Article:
Flow meters – don’t believe what they tell you
Flow meters – don’t believe what they tell you. A flow meter is an instrument that measures the amount of fluid (liquid or gas) that passes through it. The meter in the pipe is the detecting device and increases the count when a specific quantity of fluid passes by. There are several types of flow meters in common use. They include magnetic flow meters, vortex flow meters, mass flow meters, turbine flow meters, rotor blade meters, paddle flow meters, and ultrasonic flow meters. Usual the quoted accuracy on the flow meter specification sheet is for water at 20oC. However when the meter is installed in a process application it is unlikely that the meter will meet the quoted accuracy without site-specific calibration. Keywords: calibration, certified test equipment, flow meter accuracy.
The manufacturer performs laboratory trials of its equipment to insure the flow meter meets their claims for accuracy. Since the manufacturer does not know where their meter will be used they standardise the tests by using water at known conditions. Unless the meter is used in a situation identical to the laboratory conditions the given accuracy is unlikely to be achieved.
Problems that Produce False Readings
Below are listed problems that have occurred with flow meter installations that produced false results.
- PLC scan rate is less than meter pulse rate and meter pulses are not counted.
- Sediment wears away the meter’s internal clearances on the impeller, rotors or paddles and the fluid slips past.
- Solid items, like bits of plastic bag, gloves, rags, parts from other equipment in the process and polystyrene coffee cups, get jammed in the meter. Always install a strainer up-stream of meters with mechanical parts or protrusions into the flow, such as vortex flow meters.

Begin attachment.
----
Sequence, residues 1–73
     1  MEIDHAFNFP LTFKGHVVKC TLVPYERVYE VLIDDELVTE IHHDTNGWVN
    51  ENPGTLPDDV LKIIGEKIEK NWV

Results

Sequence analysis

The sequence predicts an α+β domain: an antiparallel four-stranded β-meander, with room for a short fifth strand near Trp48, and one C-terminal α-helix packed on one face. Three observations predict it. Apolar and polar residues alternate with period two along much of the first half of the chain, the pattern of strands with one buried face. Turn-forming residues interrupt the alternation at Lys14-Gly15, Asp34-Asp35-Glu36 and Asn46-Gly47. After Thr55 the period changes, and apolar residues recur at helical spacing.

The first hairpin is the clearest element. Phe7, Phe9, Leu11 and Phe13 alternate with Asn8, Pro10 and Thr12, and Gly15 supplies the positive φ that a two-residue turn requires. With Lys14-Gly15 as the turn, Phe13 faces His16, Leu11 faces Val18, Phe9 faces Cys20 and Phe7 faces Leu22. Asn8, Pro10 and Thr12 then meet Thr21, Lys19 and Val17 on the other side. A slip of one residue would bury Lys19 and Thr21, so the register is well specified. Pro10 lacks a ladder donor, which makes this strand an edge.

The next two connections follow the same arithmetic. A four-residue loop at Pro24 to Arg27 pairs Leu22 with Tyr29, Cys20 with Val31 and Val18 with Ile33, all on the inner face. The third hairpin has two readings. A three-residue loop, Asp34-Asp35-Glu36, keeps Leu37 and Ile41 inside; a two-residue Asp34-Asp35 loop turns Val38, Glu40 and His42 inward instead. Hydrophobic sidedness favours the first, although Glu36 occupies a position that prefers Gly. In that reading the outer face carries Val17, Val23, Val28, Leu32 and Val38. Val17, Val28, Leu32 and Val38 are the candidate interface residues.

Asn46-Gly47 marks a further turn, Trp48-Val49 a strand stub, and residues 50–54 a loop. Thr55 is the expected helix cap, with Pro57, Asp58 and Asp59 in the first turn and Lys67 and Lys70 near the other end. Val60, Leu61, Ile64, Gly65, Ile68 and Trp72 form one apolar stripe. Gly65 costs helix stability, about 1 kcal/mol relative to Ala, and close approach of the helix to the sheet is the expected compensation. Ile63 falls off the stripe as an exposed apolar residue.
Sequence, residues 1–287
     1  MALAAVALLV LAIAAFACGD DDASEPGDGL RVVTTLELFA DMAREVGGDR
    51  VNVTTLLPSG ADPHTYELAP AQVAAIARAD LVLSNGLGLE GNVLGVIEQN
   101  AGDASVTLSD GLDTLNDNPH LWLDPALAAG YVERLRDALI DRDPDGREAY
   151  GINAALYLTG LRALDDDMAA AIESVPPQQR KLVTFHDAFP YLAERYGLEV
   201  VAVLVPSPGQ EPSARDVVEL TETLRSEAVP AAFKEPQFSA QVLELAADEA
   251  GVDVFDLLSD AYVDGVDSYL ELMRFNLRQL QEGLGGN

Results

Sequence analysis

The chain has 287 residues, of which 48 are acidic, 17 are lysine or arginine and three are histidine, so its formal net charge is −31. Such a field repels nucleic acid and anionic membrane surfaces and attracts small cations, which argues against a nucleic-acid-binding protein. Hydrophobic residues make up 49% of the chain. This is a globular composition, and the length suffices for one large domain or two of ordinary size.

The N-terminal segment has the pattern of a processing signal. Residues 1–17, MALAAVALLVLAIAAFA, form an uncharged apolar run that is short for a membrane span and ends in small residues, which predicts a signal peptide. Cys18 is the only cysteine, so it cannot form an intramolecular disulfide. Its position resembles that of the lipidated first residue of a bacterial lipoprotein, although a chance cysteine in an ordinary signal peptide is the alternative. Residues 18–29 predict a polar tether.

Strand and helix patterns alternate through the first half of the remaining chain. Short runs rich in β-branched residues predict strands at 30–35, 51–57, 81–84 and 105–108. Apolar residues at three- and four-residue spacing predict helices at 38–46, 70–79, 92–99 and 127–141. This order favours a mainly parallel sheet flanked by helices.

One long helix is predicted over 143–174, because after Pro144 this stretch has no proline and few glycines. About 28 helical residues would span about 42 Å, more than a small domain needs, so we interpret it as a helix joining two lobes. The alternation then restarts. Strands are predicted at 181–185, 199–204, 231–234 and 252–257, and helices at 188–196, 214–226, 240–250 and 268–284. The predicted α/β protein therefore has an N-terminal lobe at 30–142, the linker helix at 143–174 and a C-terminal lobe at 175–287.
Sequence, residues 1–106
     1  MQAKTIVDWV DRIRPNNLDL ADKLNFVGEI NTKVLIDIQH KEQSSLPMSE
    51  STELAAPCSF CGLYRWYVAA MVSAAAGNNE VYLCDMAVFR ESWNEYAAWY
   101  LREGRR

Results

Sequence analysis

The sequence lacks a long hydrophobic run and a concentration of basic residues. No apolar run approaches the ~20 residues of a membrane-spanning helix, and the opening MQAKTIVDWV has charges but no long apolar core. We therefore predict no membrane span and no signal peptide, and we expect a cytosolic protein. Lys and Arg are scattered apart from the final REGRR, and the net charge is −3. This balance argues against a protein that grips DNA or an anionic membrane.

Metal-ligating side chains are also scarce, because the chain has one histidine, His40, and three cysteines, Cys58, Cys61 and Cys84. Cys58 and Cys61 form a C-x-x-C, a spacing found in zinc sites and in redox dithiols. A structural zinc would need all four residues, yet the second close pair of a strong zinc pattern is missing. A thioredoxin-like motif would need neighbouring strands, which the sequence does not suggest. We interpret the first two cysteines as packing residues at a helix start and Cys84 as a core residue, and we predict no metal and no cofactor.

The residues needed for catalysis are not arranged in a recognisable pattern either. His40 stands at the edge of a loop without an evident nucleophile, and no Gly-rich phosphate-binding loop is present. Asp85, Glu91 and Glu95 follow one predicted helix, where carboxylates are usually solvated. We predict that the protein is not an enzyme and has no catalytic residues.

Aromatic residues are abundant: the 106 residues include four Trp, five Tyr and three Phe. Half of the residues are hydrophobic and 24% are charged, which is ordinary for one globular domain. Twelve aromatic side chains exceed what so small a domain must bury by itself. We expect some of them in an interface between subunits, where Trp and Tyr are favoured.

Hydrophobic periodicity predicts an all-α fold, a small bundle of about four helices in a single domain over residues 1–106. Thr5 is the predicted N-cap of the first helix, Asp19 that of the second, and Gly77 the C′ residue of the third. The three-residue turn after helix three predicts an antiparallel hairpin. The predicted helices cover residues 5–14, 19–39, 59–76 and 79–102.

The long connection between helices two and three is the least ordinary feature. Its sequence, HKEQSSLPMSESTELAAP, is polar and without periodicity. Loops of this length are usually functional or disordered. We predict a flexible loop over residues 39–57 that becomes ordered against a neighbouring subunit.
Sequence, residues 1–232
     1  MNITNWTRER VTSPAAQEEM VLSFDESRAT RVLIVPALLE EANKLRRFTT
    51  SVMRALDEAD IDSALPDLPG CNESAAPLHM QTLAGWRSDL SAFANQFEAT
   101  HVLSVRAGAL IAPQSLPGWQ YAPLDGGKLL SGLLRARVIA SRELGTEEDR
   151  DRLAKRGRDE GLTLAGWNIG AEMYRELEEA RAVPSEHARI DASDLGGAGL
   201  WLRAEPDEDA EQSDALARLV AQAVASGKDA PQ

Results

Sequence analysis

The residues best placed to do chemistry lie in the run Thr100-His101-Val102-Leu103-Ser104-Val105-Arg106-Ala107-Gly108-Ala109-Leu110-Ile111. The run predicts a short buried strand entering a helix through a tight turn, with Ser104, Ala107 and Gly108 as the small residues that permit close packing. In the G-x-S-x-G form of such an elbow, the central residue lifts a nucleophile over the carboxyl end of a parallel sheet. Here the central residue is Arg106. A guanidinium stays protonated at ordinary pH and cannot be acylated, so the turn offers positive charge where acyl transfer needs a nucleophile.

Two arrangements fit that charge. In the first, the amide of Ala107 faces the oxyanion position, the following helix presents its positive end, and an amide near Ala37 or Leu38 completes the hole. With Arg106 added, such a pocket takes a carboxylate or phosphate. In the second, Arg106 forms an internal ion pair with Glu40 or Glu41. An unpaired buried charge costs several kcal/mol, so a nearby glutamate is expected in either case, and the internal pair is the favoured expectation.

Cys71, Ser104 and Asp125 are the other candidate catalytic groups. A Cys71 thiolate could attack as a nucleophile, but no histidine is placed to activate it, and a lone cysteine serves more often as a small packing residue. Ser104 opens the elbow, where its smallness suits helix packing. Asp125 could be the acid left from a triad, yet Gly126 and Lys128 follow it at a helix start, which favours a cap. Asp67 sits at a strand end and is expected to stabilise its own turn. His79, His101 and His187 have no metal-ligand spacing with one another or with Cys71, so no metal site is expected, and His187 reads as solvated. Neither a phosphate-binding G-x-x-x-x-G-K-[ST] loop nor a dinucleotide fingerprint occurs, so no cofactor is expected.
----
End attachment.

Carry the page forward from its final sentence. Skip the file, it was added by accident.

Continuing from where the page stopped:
Product density is substantially different to water. Examples are 50% sodium hydroxide (s.g. 1.5), 98% sulphuric acid (s.g. 1.8).
- Software adjustment factors added in to make the meter produce the required results are lost or changed.
- Product temperature varies and alters the product density. In this case it is necessary to factor in temperature effects on the density.
- Temperature changes in the meter electronics or associated electronic equipment in the control loop caused by the process fluid or local environment conditions. Electronic items change behaviour with temperature changes.
- Broken turbine wheel, rotor blades or paddles.
- Leaks under magnetic flow meter linings at liner joints
destroy internal circuitry
- The meter accuracy varies as the flow rate varies.
- Meter position or orientation allows bubble inclusion in the
liquid (two-phase flow). When measuring liquid the meter must only see liquid and absolutely no gas. Good practice is to place the meter 10 pipe diameters downstream and 5 pipe diameters upstream of turbulence creators. E.g. valves and elbows.
Calibrate to Prove Accuracy
To prove a flow meter is accurate it is necessary to measure that what is counted through it has actually come out of it. For liquid this requires the use of either accurate scales to measure the weight of the volume put through the meter, or an accurate volume to prove that a given amount has actually passed through the meter.
The calibration will need to be done at several different flow rates across the range of flows experienced in the process. This is necessary to confirm the extent of the error at low process flows through to high process flows.
To insure accurate in-field calibration it is necessary that the calibrating equipment is of even higher accuracy. If using a scale to measure weight insure the scale has been calibrated accurately and the scale’s divisions will give you the resolution you require. If measuring into a known volume, such as a tank, insure the tank has been accurately calibrated by appropriate methods and the error on the measured calibration is within the tolerance of the meter. Beware that dipping a tank to measure its level has a plus or minus 1-mm error even for highly experienced persons.
When it is absolutely critical to have certainty in a flow meter’s reading it is necessary to instigate regular checks of the meter using recognised industry standards and practices. Typically they include the following:
- Use of governing body registered procedures.
- Use of an independent, qualified and certified third party to
conduct the tests.
- Tested and certified highly accurate test equipment, test
meters and gauges.
- Certified, experienced, competent testing personnel.
If you are paying to receive product from others through their flow meter it is advisable that you get quarterly calibration checks done on it. Install your own flow meter to confirm their results and to insure they maintain its accuracy. Keep copies of flow meter calibration records from commissioning and all subsequent tests and trend them on a graph to observe if the meter remains accurate throughout its operating life.